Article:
Novelist Sam Sattin and artist Chris Koehler have joined forces to create ‘Legend’ a story that follows a pack of dogs in a post-apocalyptic world without humans inhabited by monsters, gangs (of cats), and existential anxiety. I got a chance to ask the creative team about this innovative new project.
There is a long literary legacy attached to anthropomorphism stories from Animal Farm to Watership Down. How does Legend build on those legacies to create something new?
Sam Sattin: Legend draws directly from the tradition of animal-centric stories, and we wear that inspiration on our sleeve. Watership Down is one of my favorite novels, and in recent years, comics like We3, Pride of Baghdad, Beasts of Burden, and others have come to offer an array of groundbreaking additions in the graphic medium. Legend follows up on those legacies by combining various genre conventions and political/religious imbroglios so that the story becomes just as much about its characters as the world they inhabit. Also, the fact that Chris and myself come from different backgrounds–novel-writing and illustration–affords us a unique approach.
How does your understanding of the comic medium inform this story? What can comics do for you that another medium cannot?
Sam Sattin: The visual aspects of the comic medium provide an entirely new set of challenges and advantages one doesn’t tend to find in prose writing. Story structure and character still apply, but the act of visual collaboration, and the necessity of telling a story with visual language, allows for a unique kind of dynamism. Overwriting is my crux, so in a way comics have helped me tighten up my craft, forcing me to become more succinct. I’ve learned to rely on the art to move the story in conjunction with my words, and I’ve been amazed with the results.
What is something that will surprise the reader about your take on “animal as proxy” in this project?
Sam Sattin: think people will start to notice that Legend opens itself up to a wide array of curiosities. There are dangerous secrets to be unearthed, and the world we’re creating is vast. Through the animal’s eyes, we come to understand what may have happened to humanity, and how the planet has a way of reclaiming itself from abuse. The animals have belief systems in this book. They have religious creeds, mysticism, superstition, and quite possibly, power that is derived from it. Also, two words: cat armor.
Chris, you were Sam’s professor at California College of the Arts, how did this experience help you navigate creating the visual language you use to interpret the script?
Chris Koehler: Before being brought on as a professor in the MFA Comics program at CCA, I hadn’t ever done an actual comic. But if I was going to teach in a Comics MFA, I wanted to learn how to make one myself. I grew a keen interest in doing so as I went on, and in Sam’s case, we ended up teaching each other a lot.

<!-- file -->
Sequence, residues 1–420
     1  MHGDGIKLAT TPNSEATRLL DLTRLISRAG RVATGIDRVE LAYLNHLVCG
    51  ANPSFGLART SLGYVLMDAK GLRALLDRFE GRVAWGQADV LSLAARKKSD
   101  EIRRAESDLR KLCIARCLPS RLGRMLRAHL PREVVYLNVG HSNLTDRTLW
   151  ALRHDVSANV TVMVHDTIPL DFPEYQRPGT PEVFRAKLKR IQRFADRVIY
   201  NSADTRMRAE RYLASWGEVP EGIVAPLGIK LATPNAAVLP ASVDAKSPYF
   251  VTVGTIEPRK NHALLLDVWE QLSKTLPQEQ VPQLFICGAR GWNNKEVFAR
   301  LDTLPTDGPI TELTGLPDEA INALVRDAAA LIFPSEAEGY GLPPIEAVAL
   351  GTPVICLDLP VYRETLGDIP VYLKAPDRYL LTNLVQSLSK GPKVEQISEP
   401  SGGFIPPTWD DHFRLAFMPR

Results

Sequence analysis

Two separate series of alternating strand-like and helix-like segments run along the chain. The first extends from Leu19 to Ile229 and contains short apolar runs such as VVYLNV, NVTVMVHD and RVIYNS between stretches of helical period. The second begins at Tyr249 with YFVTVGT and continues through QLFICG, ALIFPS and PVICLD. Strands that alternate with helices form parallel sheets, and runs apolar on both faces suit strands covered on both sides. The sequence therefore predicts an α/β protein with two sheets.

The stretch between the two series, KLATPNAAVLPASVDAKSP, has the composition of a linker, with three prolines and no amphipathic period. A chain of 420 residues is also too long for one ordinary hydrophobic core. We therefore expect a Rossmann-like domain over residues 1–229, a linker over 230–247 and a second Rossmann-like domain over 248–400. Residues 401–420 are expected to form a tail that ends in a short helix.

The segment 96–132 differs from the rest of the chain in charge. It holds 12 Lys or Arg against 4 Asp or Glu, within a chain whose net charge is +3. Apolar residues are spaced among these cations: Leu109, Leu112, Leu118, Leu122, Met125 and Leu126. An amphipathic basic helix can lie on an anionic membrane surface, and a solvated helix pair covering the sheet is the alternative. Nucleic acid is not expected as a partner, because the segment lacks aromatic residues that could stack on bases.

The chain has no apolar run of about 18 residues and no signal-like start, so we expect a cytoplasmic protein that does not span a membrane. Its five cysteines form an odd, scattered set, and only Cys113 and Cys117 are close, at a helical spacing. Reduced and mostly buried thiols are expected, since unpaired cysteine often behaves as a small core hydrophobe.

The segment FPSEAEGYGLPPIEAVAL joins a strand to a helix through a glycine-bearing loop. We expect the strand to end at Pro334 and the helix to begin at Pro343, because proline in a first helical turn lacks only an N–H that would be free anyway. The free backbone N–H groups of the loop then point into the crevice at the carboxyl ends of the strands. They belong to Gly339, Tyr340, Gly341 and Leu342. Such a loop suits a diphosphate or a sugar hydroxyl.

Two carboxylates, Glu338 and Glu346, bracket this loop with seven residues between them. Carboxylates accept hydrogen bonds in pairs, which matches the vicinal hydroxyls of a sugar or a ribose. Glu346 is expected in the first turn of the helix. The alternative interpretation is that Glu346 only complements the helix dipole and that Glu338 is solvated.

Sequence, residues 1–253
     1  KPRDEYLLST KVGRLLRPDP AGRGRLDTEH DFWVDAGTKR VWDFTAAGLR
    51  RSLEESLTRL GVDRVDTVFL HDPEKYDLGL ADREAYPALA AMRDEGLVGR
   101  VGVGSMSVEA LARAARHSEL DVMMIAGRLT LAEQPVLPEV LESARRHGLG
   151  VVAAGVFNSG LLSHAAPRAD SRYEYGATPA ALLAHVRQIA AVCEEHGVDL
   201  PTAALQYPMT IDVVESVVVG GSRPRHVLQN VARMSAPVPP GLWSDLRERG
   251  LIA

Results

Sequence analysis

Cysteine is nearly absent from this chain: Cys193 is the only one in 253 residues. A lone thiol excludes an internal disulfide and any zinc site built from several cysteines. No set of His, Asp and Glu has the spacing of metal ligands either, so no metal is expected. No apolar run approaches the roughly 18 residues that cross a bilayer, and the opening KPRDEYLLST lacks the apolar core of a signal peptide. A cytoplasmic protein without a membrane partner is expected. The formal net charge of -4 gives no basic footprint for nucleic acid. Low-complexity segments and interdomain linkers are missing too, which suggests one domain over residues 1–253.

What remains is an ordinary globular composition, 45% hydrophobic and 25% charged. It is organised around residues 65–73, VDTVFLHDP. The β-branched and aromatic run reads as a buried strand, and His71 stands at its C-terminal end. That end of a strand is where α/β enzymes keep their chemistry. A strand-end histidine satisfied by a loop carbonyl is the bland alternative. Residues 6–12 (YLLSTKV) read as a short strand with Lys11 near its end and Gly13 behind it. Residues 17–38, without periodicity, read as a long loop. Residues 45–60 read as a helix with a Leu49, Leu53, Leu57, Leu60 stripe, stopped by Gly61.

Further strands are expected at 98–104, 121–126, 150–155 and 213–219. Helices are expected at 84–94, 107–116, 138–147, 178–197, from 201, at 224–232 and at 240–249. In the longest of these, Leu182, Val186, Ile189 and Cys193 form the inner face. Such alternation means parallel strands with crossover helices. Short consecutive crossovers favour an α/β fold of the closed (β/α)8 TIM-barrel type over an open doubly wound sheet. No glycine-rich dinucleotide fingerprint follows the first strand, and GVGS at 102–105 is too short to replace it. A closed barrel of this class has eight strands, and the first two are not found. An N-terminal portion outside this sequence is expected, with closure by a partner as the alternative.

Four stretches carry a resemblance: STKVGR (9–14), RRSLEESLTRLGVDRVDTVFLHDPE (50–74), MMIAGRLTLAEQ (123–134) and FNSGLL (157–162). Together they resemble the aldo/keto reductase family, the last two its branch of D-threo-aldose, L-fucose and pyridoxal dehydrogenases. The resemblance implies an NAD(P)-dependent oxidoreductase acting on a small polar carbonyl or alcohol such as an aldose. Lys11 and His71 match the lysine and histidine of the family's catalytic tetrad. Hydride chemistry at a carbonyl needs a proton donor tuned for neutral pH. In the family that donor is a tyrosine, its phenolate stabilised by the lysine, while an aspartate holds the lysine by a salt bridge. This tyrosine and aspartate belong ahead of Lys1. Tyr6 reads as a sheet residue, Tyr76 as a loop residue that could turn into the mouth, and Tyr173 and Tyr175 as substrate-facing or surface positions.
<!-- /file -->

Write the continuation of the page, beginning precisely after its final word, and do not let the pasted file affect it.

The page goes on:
You have mentioned the use of color and challenge of drawing animals as two big facets of this project. How did addressing those challenges help evolve the concept into the story we see in Legend?
Chris Koehler: In illustration, color can function in three ways: conceptual, mood, and representation. We don’t use representational color in Legend. It’s emotionally coded. There are scenes in the book where color is guided by mood. We also use colors to depict how a dog might see the world. In terms of drawing animals, they’re trickier in some ways, easier in others. Easier in that people don’t notice anatomical inconsistencies like they would if they were looking at humans. Trickier in that different animal species and breeds require more attention and detail, being that each varies so much.
There is an artistic freedom in anthropomorphic stories for the writer, but what is the advantage for the artist? How can the appeal associated animal stories create opportunities for you as a storyteller?
Chris Koehler: Animals are a blank slate for personification. People make assumptions about pit bulls, for instance, based on the breed. You can do a lot with preconceived notions like that.
What are you both hoping to see come from Legend? Is this beginning of a world that you will return to again and again?
We view the world of Legend as one that has a possibility for exploration on a massive scale. The world the animals inhabit is narrow, but as they venture it out, it balloons in terms of size, scope and mystery. With Legend, we’re only telling one story of many. Humanity may have fallen, but it has left something terrible behind. Something twisted that threatens the dog tribe and their allies.